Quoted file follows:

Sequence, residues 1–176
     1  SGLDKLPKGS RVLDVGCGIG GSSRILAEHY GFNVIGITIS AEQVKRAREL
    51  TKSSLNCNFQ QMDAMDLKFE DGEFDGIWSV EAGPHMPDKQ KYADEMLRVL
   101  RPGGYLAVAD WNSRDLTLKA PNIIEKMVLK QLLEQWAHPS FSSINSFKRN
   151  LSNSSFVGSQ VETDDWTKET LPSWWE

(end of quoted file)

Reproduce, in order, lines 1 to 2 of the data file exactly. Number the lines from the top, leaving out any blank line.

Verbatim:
Sequence, residues 1–176
     1  SGLDKLPKGS RVLDVGCGIG GSSRILAEHY GFNVIGITIS AEQVKRAREL